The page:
“A Want We Want and so Revere”

Sara Zarr today at the Image Journal blog compares an ideal with an experience.

I have been aware of Andy Crouch’s book, Culture Making, for some time, but have not read it. Along with your kiss, it is on my list, especially since it seems (at least from the title) that we would have very similar views on the Artistic Vocation. But alas, too many books, so little time, and Georges Bernanos has been haunting in from my nightstand.

Ms. Zarr quotes Crouch as saying, “What is most needed in our time are Christians who are deeply serious about cultivating and creating but who wear that seriousness lightly—who are not desperately trying to change the world but who also wake up every morning eager to create.”

But Ms. Zarr then points out the wonderful (frustrating?) salience of artistic experience that often flies in the face of the wisest vocational theorizing: namely, that its really hard to do what you know you ought to do. “Reality,” wrote one my favorite artists, “can be so uncomfortably real.” And actually doing the creative work that is our calling is seldom as glamorous as our imagination makes it (and let’s be honest, as artists, our imagination makes it looks pretty good, a, I right? Berets, cigarettes, Moleskine journals, and the aloof, misunderstood, yet prophetic gaze we stretch out over the world?)

In short, artists and would-be artists often have high hopes and great joy for their artistic life, hopes and joys that are quickly put to the test once the work itself must be taken up.

And yet, there is something to be learned here, and it ties into the subject my last post.

In Book Six of his great poem, The Prelude, William Wordsworth recounts a disappointment similar to the one many artists feel when they start living their vocation and realize its not all accolades and personal fulfillment. He tells of his long-anticipated crossing of the Alps on foot. Well into the trip and having been separated from his guide, he comes to a stream where he has to chose between two possible paths. He chooses the path that seems most logical to him: the one that goes up. He climbs a path, but runs into a villager who tells him that he chose the wrong path. The descending path was the correct path, and in fact, was not only the correct path, but the last leg of the journey. With a great sense of disappointment, Wordsworth realizes that this great, romantic journey was suddenly, and rather unremarkably, over. He had crossed the Alps.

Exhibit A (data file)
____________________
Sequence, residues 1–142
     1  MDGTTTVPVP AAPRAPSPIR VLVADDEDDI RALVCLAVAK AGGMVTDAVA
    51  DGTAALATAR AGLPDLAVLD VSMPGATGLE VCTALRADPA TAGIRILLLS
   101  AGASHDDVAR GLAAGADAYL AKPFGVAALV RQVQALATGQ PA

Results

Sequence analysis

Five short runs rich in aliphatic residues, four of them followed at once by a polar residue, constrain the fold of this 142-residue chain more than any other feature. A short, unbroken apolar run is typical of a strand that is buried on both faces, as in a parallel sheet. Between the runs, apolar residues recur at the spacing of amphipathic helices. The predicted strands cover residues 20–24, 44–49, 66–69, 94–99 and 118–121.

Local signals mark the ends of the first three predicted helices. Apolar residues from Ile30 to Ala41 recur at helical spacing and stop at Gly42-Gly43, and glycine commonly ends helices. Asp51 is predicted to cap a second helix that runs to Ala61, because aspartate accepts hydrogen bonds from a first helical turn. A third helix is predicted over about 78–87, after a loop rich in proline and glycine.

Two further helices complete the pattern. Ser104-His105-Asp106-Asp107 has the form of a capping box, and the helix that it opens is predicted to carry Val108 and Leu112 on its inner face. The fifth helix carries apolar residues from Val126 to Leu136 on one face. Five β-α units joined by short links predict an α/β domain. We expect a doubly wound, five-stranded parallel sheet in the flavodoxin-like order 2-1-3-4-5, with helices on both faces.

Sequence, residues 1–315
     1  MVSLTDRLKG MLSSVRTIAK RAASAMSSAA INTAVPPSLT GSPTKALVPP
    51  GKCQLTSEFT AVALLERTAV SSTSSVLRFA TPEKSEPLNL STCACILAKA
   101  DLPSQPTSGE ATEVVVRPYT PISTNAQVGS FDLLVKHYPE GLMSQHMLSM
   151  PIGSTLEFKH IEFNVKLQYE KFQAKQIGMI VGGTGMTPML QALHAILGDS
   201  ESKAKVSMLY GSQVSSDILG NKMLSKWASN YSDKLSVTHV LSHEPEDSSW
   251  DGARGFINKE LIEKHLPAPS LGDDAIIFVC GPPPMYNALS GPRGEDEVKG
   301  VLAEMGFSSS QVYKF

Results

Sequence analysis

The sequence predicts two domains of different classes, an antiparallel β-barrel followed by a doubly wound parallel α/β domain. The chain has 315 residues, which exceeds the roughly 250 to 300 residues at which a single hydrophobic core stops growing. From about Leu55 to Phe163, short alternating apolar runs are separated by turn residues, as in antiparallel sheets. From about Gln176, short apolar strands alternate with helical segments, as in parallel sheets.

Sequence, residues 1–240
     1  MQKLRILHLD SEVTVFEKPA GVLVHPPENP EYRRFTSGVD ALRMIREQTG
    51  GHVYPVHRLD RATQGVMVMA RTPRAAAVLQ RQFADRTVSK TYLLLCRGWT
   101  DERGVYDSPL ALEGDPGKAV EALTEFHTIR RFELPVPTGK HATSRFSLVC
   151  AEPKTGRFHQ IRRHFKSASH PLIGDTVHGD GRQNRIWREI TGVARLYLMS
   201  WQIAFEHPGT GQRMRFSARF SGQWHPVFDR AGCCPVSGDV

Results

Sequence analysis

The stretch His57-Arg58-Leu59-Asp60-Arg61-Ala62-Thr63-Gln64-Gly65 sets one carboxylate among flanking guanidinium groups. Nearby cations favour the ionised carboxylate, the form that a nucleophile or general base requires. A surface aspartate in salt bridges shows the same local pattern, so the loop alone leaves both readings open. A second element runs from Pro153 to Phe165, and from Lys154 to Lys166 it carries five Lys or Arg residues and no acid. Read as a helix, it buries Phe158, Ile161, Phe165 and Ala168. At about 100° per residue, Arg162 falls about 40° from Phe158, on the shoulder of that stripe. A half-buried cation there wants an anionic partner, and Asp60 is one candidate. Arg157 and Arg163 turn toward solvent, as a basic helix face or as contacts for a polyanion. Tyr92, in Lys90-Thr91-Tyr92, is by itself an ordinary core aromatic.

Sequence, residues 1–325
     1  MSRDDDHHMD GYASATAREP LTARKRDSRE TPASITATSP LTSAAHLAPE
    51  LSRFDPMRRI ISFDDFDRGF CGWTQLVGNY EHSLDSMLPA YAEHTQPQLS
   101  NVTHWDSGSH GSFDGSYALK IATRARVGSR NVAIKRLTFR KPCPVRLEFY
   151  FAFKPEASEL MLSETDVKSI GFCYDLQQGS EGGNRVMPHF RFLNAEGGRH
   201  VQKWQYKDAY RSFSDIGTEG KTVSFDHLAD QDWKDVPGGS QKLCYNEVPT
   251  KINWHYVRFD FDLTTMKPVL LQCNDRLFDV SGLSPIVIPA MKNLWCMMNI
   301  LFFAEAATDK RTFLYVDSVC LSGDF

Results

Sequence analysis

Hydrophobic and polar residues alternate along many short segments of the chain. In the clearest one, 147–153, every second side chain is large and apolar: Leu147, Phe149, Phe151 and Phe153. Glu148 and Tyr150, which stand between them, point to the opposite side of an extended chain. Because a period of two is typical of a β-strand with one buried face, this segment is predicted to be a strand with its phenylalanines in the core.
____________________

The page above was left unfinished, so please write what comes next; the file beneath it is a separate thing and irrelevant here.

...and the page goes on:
Wordsworth’s first temptation was disappointment, but he soon realized something truly remarkable: that the human power of Imagination must be truly great and magnificent if even the sublimity of the Alps cannot live up to its image-making. Wordsworth chooses not to stew in the disappointment that what he has on earth doesn’t live up to the promises of the eternal grasping, but he chooses rather to rejoice in our nature, a nature that draws us ever forward, toward something ever greater. Thus follows one of my favorite passages of poetry:

Imagination–here the Power so called

Through sad incompetence of human speech–

That awful Power rose from the mind’s abyss

Like an unfathered vapour that enwraps,

At once, some lonely traveller. I was lost;

Halted without an effort to break through;

But to my conscious soul I now can say

“I recognise thy glory:” in such strength

Of usurpation, when the light of sense

Goes out, but with a flash that has revealed

The invisible world, doth greatness make abode,

There harbours; whether we be young or old,

Our destiny, our being’s heart and home,

Is with infinitude, and only there;

With hope it is, hope that can never die,

Effort, and expectation, and desire,

And something evermore about to be.

Under such banners militant, the soul

Seeks for no trophies, struggles for no spoils

That may attest her prowess, blest in thoughts

That are their own perfection and reward,

Strong in herself and in beatitude

That hides her, like the mighty flood of Nile

Poured from his fount of Abyssinian clouds

To fertilise the whole Egyptian plain.

The melancholy slackening that ensued

Upon those tidings by the peasant given

Was soon dislodged. Downwards we hurried fast,

And, with the half-shaped road which we had missed,

Entered a narrow chasm. The brook and road

Were fellow-travellers in this gloomy strait,

And with them did we journey several hours

At a slow pace. The immeasurable height

Of woods decaying, never to be decayed,

The stationary blasts of waterfalls,

And in the narrow rent at every turn

Winds thwarting winds, bewildered and forlorn,

The torrents shooting from the clear blue sky,

The rocks that muttered close upon our ears,

Black drizzling crags that spake by the way-side

As if a voice were in them, the sick sight

And giddy prospect of the raving stream,

The unfettered clouds and region of the Heavens,

Tumult and peace, the darkness and the light–

Were all like workings of one mind, the features

Of the same face, blossoms upon one tree;

Characters of the great Apocalypse,

The types and symbols of Eternity,

Of first, and last, and midst, and without end.

(ll. 593-641)

Even at those points when our vocation is frustrated can we find encouragement, encouragement in the frustration itself, for frustration begs comparison, comparison requires a standard, and the standard reveals the greatness to which we are called. And that greatness (and what’s more, the fact such greatness can be both revealed and perceived!) demands contemplation, a contemplation that yields peace.

In your vocational frustrations themselves, look for ‘the types and symbols of Eternity.’


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